"David Kirby's wonderfully adventurous sentences, his supple, discipline rhythms, the casual accuracy of his versifying, and his astonishing gift for transmuting his memories into ours lead his readers through surprise after surprise to unexpected-yet inevitable-fulfillments and revelations. An American walker, his poems are a noble addition to the long, bipedaled excursive tradition inaugurated by his great exemplar, Dante. Digression and punctiliousness, directed movement and lollygagging, bemusement and piercing insight are among the many paradoxical dualities that energize and complicate the locomotion of his informed, capacious consciousness."
-National Book Awards citation, 2007.
"David Kirby's new and selected poems are ... captivating and full of heart... Kirby is exuberant, irrepressible, maniacal and remarkably entertaining.
"Imagine a very funny, erudite and trustworthy friend who's had two glasses of wine too many expostulating on, say, an exhilarating Jerry Lee Lewis concert. Then, imagine a poem that also manages, like any freewheeling conversation, to veer off in a dozen unrelated directions that include scholarly asides about Shakespeare, the history of Sun Records and an e-mail correspondence with a newspaper editor who doesn't want an article about Jerry Lee Lewis...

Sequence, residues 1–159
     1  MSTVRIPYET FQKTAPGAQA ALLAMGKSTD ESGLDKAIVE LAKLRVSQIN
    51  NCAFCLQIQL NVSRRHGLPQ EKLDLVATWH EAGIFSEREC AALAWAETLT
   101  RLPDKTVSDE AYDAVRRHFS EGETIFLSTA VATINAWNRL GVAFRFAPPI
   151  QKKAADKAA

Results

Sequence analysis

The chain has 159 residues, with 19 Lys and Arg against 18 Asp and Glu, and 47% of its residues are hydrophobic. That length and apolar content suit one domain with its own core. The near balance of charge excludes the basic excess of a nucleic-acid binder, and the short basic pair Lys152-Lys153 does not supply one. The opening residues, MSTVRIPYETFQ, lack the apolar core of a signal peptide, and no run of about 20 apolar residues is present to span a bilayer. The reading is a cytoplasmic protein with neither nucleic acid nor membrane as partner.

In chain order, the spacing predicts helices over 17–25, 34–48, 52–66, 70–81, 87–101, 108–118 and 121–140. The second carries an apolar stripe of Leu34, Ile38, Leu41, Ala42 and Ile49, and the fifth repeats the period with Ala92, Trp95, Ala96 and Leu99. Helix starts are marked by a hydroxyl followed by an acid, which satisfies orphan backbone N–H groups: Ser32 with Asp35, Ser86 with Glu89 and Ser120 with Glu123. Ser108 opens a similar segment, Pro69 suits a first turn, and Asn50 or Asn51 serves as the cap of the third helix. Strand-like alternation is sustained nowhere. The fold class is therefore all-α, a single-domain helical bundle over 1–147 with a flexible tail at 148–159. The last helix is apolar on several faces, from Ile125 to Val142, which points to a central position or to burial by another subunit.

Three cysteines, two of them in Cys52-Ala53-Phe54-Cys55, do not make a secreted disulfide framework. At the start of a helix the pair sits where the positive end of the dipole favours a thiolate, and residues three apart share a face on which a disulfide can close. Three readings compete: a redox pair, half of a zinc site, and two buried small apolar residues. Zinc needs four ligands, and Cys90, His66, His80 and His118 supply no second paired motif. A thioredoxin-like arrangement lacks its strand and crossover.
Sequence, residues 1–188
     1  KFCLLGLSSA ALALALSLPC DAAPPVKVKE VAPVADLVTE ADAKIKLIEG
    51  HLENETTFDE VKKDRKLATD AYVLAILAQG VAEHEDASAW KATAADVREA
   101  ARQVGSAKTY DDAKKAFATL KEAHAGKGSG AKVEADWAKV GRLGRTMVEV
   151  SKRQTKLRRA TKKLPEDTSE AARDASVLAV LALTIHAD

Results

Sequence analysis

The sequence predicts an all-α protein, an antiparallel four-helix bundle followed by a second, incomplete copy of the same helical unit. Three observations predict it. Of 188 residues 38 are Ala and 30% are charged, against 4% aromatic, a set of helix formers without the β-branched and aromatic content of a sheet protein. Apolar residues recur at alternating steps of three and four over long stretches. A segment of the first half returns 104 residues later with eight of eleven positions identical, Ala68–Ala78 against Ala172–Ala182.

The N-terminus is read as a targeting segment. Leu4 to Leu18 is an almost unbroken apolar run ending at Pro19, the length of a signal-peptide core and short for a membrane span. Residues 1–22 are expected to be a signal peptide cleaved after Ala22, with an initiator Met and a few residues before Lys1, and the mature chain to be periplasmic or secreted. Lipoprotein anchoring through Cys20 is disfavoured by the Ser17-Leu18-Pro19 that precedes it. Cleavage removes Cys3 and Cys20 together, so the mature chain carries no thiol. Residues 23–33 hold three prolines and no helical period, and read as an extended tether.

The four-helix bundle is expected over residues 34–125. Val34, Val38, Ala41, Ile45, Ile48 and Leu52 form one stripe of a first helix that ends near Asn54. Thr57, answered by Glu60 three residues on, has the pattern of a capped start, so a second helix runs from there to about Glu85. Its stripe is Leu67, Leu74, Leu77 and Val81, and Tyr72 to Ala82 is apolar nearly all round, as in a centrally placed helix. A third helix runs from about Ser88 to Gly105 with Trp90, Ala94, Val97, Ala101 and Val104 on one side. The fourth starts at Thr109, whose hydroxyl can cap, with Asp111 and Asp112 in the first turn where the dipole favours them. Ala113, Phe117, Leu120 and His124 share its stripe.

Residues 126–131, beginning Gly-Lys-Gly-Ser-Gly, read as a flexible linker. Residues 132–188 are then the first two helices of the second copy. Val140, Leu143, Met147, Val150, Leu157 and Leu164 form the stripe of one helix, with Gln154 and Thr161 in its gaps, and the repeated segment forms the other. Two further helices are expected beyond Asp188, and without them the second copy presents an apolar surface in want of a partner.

"Kirby writes about ex-prizefighters and ex-girlfriends, about coming across the grave of a colleague, about the suicide of a friend, Roman Polanski's cookies, and about reading the want ads (while watching a Clint Eastwood movie) and imagining himself as a cake decorator. His rapturous ramblings turn into shapely, musical and artful poems, poems in a voice and style absolutely his own. The book's playful cover- it features a comic book portrait of the poet and a perfectly silly Kirbyish thought balloon-couldn't be more in character with these antic, charming and seemingly effortless poems. Okay, let me just say it: he is a wonderful poet. If you want to see how lively and personable American poetry can be, read The House on Boulevard St."
-Steve Kowit, The San Diego Union-Tribune, March 23, 2008.
"Kirby's narrative poems are so amazing and thought-provoking, funny in places you would never expect, and wise and humble. Like the very best in poetry, they need to be read out loud. You have the feeling you have set out on a journey with a fascinating companion, lost track of the way, and when you are sure you are lost you suddenly find yourself, if not exactly where you intended to be, then in a new place even better than you expected to find."
-Inkwood Books' nomination for the 2008 Southern Independent